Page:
In 2004, Charles Cullen pled guilty to murder. He was accused of killing at least 40 people in 7 hospitals over a period of 16 years, across New Jersey and Pennsylvania. Most experts believe the actual number could be as high as a couple of hundred.
Cullen worked as a male nurse. His access to drugs allowed him to end the lives of his patients. He said he couldn’t stand to see “pain and suffering”. He didn’t discriminate between old or young, the seriously ill or injured and those in hospital care for minor injuries. His drug of choice was digoxin, commonly used to regulate heart rhythm, but in larger doses ceases the heartbeat entirely.
He was finally arrested in 2003. His pattern had been to order drugs, then cancel the order. The drawer would pop open anyway, and he simply took what he wanted. Sometimes, when one of his patients was in cardiac arrest, he was the first to call out “code blue”.
As I watched Steve Croft’s interview, I continued to ask the same question; Why were there no reports to the authorities years prior to his arrest? Hospital officials all seemed to ‘skate’ around the truth, although most of them suspected something, and their suspicions often centered around Cullen. I came to the conclusion, it’s always the same answer, it’s all about the money. Lawsuits.
My grandparents, who were born in the late 1800’s, used to have a saying: “The hospital is a place where you go to die.” An average of 195,000 people in the USA died due to potentially preventable, in-hospital medical errors in each of the years 2000, 2001 and 2002, according to a study of 37 million patient records.
A nurse was quoted in a recent article I read saying that she wouldn’t be a patient at the hospital in which she worked.
This is no attack on the majority of those who work in health care. As it is with every profession, there are always problems. I am saying our health care system as an overall disgrace.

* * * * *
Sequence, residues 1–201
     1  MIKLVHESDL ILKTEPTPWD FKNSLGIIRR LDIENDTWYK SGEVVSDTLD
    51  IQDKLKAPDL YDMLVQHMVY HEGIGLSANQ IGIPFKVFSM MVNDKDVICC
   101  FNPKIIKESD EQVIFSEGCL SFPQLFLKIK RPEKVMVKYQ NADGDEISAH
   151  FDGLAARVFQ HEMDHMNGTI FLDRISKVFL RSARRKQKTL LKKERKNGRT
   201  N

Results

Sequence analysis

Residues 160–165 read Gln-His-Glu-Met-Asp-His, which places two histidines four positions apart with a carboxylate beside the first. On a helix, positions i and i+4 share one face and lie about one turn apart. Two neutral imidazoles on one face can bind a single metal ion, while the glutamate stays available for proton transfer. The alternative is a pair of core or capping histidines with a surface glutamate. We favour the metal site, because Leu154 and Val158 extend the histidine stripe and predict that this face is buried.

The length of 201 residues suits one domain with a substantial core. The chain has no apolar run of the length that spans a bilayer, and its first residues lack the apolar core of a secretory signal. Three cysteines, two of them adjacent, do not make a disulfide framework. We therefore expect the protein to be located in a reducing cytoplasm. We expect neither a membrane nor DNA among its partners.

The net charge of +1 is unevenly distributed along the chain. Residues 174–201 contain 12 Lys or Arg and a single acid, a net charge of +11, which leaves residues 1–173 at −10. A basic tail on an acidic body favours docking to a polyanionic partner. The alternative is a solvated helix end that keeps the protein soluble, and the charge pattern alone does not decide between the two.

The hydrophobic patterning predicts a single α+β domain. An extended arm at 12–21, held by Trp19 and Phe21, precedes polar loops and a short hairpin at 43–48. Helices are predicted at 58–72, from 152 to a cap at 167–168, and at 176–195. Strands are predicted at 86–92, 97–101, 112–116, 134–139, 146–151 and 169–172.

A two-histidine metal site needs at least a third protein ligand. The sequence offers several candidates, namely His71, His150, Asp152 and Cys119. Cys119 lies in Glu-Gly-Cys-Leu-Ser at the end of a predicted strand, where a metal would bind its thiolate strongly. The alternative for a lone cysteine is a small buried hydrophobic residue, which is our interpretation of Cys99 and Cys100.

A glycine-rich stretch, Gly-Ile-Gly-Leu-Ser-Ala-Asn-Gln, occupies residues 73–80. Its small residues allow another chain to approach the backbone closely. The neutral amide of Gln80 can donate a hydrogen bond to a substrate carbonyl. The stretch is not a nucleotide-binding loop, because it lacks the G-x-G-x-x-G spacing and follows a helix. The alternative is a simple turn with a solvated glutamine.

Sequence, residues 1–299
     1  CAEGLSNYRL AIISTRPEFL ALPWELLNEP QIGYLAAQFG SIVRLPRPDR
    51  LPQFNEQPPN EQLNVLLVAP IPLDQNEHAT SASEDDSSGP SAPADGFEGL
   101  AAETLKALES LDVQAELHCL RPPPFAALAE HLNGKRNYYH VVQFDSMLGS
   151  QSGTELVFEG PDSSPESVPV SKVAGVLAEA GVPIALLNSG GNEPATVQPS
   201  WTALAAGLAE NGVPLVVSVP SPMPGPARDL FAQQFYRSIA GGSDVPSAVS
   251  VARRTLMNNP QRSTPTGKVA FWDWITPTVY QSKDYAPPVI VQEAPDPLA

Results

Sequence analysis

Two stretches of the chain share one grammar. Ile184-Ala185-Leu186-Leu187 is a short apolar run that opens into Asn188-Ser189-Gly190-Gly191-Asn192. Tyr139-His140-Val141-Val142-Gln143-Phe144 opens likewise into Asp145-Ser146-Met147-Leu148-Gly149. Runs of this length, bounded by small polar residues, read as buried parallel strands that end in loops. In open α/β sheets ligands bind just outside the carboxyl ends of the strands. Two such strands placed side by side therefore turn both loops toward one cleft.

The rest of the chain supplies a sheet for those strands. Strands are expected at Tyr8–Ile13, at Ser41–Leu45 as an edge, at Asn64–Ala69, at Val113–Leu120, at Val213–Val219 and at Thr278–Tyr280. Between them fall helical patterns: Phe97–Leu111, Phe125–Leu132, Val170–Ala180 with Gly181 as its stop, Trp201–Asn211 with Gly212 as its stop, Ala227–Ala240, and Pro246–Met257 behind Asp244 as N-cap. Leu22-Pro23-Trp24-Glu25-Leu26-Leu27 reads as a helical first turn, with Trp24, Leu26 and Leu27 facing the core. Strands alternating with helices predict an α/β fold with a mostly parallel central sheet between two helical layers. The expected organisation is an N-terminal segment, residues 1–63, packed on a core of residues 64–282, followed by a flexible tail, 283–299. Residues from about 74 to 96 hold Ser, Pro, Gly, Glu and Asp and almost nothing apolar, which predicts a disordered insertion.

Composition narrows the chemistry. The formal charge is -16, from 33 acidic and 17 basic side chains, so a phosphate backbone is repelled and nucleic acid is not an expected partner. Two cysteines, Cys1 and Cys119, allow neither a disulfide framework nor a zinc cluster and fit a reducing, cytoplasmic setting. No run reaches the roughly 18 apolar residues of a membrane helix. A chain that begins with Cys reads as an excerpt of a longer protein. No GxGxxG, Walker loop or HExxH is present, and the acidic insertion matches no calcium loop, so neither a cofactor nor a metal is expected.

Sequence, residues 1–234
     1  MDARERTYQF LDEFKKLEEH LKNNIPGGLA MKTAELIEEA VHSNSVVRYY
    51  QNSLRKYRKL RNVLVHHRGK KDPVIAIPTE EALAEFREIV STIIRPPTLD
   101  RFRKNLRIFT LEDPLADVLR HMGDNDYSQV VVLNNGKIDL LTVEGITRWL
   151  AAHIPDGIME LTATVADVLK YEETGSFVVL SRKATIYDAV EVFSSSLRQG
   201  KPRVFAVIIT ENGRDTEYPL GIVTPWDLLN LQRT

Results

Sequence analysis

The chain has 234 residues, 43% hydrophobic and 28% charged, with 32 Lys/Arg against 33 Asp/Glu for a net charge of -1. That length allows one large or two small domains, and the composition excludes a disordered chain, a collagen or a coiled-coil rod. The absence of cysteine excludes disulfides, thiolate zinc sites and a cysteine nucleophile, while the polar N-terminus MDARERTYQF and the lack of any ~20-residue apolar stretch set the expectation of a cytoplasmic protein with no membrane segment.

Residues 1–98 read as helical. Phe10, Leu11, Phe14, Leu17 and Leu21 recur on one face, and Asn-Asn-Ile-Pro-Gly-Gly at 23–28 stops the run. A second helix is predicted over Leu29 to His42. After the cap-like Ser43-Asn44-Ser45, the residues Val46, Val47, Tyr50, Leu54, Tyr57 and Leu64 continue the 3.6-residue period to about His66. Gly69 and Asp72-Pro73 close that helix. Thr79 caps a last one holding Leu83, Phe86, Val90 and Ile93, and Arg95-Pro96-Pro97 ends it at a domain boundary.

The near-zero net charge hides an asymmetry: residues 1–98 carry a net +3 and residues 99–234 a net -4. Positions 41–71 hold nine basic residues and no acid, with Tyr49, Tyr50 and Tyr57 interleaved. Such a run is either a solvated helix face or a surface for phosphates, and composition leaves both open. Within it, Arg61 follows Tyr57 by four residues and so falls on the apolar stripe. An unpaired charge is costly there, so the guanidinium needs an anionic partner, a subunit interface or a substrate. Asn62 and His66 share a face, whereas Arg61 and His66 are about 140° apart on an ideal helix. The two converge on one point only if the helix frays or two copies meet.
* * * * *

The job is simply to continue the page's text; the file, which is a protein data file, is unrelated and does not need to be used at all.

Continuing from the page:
From the cost of services to the lack of sufficient personnel, there are problems. Nurses have a minimum of 6 patients to attend to, and in some cases, such as geriatric care numbers as high as 30 have been reported.
My best friend had a life threatening situation the end of last year, and was in the hospital for a week. In the beginning, he was in a great deal of pain. I was with him when he rang his buzzer to have the nurse come to his room. It was about 15 minutes later when she finally arrived, and about 15 minutes more for her to return with the medication.
Two very close friends of mine died while in the hospital. In both cases they were given medication that resulted in their deaths. My mother-in-law and stepfather both died a couple of years ago. The communication between doctors, nurses, and the support staff was horrible.
We can do better. Those in our country who have a great fear of the term “socialized medicine” have been brainwashed. My cousin, who lives in Ontario, Canada now, loves their system of healthcare. Preventative care is the key, something most Americans cannot afford.
Columnist-The Guardian Express